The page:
Appearance: The particular species of beetle represented in the numerous ancient Egyptian amulets and works of art was commonly the large sacred scarab (Scarabaeus sacer). This beetle was famous for his habit of rolling balls of dung along the ground and depositing them in its burrows. The female would lay her eggs in the ball of dung. When they hatched, the larvae would use the ball for food. When the dung was consumed the young beetles would emerge from the hole.
Millions of amulets and stamp seals of stone or faience were fashioned in Egypt depicted the scarab beetle.
Meaning: It seemed to the ancient Egyptians that the young scarab beetles emerged spontaneously from the burrow were they were born. Therefore they were worshipped as "Khepera", which means "he was came forth." This creative aspect of the scarab was associated with the creator god Atum.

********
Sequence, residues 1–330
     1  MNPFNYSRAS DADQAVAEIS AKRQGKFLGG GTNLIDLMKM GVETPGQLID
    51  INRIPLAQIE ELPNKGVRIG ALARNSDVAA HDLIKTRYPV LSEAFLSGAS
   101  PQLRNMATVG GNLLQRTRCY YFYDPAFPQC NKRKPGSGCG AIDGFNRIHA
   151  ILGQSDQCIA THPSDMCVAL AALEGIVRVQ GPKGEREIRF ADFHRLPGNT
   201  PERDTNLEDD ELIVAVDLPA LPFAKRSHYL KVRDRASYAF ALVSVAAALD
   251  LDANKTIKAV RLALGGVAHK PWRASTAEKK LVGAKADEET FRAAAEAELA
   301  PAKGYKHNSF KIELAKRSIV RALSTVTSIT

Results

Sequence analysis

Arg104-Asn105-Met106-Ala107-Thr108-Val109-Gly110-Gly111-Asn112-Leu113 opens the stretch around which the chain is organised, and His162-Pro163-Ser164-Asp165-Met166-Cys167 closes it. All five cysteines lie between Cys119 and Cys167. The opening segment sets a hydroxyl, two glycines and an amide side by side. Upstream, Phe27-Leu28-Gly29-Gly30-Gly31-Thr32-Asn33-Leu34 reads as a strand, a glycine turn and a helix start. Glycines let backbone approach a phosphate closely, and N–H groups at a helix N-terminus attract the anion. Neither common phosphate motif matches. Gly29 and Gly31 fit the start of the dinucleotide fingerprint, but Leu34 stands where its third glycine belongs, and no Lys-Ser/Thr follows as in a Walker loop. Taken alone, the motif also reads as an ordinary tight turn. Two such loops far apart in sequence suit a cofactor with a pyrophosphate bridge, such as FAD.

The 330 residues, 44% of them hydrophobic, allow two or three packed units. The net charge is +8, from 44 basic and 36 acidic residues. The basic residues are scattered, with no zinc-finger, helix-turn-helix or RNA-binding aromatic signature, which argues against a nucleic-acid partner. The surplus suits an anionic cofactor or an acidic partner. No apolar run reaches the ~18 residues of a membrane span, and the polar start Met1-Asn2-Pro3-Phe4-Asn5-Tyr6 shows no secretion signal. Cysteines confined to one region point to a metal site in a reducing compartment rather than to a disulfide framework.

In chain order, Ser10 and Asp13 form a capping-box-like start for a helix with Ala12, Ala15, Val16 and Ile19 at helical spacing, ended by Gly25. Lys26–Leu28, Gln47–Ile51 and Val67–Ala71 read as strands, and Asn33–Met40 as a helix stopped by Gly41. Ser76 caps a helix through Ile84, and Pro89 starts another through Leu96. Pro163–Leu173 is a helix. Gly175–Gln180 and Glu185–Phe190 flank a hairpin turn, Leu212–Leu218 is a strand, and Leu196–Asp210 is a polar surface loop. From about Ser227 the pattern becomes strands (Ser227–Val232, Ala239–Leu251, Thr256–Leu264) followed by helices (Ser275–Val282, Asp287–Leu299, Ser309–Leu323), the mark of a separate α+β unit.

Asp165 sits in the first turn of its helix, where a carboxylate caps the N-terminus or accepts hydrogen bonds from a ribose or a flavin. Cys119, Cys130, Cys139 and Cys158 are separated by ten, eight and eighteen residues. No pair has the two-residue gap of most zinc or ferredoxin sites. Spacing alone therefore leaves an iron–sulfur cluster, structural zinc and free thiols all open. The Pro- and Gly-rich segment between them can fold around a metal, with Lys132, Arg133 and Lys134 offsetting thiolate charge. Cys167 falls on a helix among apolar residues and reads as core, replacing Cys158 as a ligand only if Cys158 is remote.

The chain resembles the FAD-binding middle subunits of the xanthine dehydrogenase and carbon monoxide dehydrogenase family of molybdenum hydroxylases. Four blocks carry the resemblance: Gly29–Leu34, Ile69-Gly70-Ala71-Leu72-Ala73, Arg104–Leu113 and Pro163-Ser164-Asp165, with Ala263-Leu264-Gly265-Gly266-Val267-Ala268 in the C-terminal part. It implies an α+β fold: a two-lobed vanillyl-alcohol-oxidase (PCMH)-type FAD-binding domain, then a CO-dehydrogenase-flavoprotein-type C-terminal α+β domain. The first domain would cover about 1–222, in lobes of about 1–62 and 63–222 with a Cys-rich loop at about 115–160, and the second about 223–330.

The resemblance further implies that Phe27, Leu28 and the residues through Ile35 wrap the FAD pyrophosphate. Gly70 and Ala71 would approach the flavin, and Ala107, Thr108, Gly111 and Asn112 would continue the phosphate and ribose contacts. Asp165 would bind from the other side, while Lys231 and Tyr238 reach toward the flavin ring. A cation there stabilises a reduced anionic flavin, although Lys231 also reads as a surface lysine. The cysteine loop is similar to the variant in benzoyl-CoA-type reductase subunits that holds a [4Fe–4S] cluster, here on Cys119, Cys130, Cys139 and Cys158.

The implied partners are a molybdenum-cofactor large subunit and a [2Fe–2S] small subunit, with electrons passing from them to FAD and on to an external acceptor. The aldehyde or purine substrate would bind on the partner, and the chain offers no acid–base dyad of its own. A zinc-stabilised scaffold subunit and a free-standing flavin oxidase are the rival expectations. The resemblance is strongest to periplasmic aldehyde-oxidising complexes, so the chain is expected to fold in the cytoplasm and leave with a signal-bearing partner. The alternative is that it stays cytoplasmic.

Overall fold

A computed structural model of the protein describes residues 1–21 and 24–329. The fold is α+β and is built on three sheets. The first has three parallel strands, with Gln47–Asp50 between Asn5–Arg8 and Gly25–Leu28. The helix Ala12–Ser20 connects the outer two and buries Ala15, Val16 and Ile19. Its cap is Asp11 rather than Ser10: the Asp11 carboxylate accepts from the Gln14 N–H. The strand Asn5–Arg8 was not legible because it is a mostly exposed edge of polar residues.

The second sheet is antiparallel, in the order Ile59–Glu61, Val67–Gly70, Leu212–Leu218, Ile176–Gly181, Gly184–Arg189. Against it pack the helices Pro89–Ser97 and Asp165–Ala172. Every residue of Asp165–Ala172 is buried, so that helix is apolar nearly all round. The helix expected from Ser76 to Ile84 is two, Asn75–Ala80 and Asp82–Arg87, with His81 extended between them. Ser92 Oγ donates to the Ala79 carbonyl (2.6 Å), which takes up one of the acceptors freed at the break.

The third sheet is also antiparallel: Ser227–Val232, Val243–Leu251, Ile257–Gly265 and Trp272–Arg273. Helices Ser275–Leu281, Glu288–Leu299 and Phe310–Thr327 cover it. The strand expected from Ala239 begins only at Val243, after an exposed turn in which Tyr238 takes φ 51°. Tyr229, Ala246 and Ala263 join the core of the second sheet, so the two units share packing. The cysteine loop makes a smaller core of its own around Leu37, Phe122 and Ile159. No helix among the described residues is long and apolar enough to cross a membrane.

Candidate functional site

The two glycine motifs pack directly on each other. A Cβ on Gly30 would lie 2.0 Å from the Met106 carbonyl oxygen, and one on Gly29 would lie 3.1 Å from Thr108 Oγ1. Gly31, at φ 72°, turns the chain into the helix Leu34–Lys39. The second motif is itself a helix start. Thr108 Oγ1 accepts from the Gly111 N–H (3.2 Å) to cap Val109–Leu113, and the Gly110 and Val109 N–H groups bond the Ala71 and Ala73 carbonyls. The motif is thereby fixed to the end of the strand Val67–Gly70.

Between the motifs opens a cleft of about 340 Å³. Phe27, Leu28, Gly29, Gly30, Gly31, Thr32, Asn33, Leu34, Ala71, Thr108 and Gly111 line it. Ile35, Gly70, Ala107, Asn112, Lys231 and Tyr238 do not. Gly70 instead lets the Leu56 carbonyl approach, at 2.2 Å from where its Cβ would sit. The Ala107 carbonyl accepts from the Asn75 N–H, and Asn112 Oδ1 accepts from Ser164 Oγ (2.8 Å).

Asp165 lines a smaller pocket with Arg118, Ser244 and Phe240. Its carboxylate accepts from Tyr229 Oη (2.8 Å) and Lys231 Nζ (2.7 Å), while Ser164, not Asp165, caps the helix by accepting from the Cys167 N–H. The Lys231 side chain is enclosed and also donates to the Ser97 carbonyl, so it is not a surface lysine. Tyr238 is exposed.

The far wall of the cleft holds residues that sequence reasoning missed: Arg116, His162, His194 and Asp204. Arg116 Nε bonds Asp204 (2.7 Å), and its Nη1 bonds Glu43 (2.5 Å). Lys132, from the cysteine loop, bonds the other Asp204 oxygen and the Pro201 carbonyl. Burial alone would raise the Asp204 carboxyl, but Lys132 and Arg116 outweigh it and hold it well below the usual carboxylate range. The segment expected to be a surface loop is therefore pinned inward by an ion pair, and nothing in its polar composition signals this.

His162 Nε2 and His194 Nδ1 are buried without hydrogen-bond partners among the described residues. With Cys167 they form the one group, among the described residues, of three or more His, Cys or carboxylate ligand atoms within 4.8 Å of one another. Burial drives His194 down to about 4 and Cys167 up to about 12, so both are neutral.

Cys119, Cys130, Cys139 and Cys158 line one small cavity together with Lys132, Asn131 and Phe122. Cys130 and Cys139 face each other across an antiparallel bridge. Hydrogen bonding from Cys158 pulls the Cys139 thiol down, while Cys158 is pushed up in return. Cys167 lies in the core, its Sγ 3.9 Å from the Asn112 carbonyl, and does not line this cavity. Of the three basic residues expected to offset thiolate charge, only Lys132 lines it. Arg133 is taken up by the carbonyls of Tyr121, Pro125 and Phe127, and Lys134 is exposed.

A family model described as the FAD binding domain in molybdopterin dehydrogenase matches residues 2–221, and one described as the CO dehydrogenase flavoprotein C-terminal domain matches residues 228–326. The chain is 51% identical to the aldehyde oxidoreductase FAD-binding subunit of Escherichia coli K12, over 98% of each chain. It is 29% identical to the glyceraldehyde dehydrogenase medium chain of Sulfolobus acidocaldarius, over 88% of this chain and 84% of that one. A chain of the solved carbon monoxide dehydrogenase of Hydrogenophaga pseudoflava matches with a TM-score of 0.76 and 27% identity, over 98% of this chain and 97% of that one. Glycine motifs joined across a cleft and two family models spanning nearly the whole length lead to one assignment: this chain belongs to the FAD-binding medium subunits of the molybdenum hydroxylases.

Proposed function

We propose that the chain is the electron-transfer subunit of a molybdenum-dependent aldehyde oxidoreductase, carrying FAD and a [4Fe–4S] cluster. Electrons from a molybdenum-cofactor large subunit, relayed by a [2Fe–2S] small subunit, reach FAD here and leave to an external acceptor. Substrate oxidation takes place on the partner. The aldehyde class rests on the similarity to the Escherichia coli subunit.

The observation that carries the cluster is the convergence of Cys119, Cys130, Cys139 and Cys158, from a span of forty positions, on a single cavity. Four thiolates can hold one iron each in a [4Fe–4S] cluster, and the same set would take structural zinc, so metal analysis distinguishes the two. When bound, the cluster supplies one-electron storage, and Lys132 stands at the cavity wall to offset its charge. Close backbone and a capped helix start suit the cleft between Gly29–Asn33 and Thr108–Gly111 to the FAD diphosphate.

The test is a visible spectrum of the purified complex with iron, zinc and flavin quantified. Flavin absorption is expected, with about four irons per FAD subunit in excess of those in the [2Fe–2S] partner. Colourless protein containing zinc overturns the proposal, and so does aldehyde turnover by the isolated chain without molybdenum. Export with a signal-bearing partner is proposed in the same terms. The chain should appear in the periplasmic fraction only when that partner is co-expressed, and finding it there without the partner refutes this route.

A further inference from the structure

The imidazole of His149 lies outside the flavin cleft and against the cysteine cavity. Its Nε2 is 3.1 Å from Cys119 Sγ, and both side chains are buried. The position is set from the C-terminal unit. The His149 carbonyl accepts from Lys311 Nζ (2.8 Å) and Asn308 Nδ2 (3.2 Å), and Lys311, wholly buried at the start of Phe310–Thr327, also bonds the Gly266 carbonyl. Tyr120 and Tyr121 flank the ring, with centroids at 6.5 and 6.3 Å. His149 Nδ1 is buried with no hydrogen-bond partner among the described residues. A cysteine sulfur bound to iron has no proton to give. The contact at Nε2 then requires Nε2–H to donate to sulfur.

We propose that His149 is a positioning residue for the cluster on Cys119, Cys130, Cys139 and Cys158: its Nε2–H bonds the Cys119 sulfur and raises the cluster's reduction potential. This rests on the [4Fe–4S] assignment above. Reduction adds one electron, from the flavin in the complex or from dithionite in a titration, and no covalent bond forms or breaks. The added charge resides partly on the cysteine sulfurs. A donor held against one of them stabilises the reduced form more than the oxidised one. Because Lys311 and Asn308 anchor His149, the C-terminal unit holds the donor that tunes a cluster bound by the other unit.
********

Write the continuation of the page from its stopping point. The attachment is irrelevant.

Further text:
The ray-like antenna on the beetle's head and its practice of dung-rolling caused the beetle to also carry solar symbolism. The scarab-beetle god Khepera was believed to push the setting sun along the sky in the same manner as the bettle with his ball of dung. In many artifacts, the scarab is depicted pushing the sun along its course in the sky.
During and following the New Kingdom, scarab amulets were often placed over the heart of the mummified deceased. These "heart scarabs" (such as the one pictured above) were meant to be weighed against the feather of truth during the final judgement. The amulets were often inscribed with a spell from the Book of the Dead which entreated the heart to, "do not stand as a witness against me."